Bob Rankin: Free Windows Troubleshooting Tools

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By Bob Rankin

Fixing Windows Problems and Annoyances

What’s keeping you from opening or deleting a file or folder? Why do certain programs start automatically when you don’t want them to? Why can’t you install or uninstall a program? Why doesn’t my sound work? Why does an app just sit there, apparently doing nothing, while the activity light of your hard drive flashes busily? These are just a few of the annoyances that can drive you crazy.

Windows has some built-in tools, such as Task Manager, to assist in troubleshooting. There are also built-in troubleshooters you can use. On Windows XP, open the Control Panel, then select the category that best matches your problem, and a list of Troubleshooters will appear on the left side of the panel. On Vista or Windows 7, just click the Start button then type “troubleshooting” to access all the troubleshooting tools in one place.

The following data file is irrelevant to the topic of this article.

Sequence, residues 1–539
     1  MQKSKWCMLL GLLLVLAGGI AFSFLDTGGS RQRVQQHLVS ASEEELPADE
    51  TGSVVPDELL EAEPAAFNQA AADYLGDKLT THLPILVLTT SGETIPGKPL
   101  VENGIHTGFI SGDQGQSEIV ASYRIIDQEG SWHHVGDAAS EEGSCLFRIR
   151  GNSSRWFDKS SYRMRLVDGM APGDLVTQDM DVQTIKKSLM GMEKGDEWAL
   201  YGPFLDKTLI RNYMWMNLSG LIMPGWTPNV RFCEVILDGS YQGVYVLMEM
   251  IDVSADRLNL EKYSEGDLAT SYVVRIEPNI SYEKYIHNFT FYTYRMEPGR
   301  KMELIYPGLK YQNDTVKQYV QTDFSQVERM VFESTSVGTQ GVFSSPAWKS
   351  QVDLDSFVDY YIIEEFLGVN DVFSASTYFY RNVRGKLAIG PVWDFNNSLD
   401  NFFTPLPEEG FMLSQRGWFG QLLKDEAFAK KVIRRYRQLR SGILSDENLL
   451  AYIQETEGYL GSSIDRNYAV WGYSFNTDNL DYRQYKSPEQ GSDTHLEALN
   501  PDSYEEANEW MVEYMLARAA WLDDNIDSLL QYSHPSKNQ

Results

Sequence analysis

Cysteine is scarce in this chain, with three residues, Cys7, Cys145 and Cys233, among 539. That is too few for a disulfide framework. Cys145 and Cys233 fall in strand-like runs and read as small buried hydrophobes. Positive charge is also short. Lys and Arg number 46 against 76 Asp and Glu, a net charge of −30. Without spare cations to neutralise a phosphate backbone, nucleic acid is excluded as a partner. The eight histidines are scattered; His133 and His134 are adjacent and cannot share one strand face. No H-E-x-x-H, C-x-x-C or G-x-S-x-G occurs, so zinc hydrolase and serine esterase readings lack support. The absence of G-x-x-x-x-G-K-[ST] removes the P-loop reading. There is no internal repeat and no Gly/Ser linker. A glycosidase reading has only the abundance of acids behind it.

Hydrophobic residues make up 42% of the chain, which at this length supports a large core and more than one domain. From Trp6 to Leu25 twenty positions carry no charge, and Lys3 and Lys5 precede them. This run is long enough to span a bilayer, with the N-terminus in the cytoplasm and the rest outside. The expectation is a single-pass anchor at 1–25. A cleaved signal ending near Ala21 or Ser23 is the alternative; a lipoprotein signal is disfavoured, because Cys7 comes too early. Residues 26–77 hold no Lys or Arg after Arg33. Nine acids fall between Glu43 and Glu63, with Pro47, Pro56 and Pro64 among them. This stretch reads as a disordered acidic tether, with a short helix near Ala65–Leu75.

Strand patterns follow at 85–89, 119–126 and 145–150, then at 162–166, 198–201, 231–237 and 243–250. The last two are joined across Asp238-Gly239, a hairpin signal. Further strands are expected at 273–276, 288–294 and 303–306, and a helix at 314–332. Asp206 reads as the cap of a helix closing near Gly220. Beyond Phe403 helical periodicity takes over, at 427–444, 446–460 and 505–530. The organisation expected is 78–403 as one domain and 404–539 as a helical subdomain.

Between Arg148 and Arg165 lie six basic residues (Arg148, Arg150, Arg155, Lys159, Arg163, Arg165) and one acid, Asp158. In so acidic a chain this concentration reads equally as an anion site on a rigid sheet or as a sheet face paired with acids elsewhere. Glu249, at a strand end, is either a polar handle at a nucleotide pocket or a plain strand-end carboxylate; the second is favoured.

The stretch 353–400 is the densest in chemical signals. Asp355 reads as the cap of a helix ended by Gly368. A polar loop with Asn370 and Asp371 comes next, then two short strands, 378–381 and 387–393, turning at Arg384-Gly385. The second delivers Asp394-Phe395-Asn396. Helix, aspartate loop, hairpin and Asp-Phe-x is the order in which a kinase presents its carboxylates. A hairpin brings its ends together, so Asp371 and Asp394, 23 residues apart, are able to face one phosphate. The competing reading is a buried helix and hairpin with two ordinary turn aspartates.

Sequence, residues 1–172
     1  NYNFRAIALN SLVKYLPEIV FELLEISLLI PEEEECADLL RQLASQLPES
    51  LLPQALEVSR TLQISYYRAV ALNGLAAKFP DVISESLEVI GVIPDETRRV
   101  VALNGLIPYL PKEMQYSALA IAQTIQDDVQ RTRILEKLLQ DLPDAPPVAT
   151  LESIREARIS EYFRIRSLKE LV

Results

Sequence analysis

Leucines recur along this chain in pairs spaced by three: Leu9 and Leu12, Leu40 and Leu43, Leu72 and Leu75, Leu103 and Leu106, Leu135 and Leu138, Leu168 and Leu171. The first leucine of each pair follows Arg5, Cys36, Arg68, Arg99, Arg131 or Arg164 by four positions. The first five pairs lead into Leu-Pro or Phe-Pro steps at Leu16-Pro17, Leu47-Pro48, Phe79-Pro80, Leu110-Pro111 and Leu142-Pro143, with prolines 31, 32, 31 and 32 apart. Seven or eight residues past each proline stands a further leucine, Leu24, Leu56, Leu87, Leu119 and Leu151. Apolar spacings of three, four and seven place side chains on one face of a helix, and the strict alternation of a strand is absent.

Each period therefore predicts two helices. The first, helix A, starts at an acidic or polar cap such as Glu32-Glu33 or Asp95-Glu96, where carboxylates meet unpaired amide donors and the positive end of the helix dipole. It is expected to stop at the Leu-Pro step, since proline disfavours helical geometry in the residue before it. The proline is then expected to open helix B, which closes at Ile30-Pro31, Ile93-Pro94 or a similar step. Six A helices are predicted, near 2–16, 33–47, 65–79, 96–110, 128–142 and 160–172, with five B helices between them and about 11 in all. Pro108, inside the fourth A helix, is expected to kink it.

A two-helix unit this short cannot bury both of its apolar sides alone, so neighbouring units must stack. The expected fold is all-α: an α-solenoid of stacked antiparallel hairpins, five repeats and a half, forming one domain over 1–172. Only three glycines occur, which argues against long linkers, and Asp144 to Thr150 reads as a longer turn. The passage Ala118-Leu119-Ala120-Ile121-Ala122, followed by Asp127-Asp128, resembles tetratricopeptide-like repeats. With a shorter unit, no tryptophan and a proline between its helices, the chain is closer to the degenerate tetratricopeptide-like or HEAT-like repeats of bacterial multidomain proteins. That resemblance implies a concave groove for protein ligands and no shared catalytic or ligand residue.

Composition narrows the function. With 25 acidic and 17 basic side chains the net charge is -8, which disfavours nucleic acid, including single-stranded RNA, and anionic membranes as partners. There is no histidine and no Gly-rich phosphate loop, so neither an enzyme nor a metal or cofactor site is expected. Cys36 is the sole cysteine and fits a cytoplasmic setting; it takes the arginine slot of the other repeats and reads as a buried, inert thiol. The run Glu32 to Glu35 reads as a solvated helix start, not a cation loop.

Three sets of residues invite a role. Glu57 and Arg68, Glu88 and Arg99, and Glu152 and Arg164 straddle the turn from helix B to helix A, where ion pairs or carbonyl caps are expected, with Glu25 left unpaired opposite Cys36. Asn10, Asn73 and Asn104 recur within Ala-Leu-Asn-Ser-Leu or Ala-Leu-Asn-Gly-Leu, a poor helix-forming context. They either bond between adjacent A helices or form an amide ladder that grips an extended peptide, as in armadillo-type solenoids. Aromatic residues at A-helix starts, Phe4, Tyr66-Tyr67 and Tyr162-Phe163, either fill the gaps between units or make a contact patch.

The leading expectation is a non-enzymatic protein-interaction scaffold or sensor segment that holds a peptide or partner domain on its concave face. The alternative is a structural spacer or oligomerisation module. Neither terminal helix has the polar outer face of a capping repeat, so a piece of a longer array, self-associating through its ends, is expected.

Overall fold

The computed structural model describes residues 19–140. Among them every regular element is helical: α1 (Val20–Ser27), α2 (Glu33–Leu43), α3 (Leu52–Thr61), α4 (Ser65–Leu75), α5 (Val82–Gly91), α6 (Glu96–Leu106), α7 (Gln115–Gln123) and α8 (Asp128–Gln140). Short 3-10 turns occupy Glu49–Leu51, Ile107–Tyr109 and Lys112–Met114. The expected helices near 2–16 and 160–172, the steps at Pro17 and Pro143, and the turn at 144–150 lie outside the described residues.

But many advanced users turn to free Windows troubleshooting tools that provide much more information about potential causes of problems and options for solving them.

Sysinternals Process Explorer has been described as “Task Manager on steroids.” It displays a tree-view of running processes, organized by which process spawned which other(s). You can sort the display in other ways, too. Process Explorer shows a lot more details about processes than Task Manager and lets you do more than just kill a single process. Processes, or whole trees of them, can be killed, frozen, or resumed. You can also find the process controlling a given window by pointing at it, or search for any running process, handle, or DLL.

System Information for Windows packs more troubleshooting tools into one free software package than most others. It displays your system’s software, hardware, and network resources in amazing detail, including things such as software license keys (in case you’ve lost your hard copy); device temperatures; installed multimedia codecs; and much more. A Tools tab includes handy tools that can reveal hidden passwords, a CPU stress test; and more.

ProcessActivityView answers the oft-burning question, “What is that program doing?” It lets you inspect the file accesses of a running program and can make a log file of all of a program’s file accesses. It can help you debug problems in which file read-write operations are not happening correctly.

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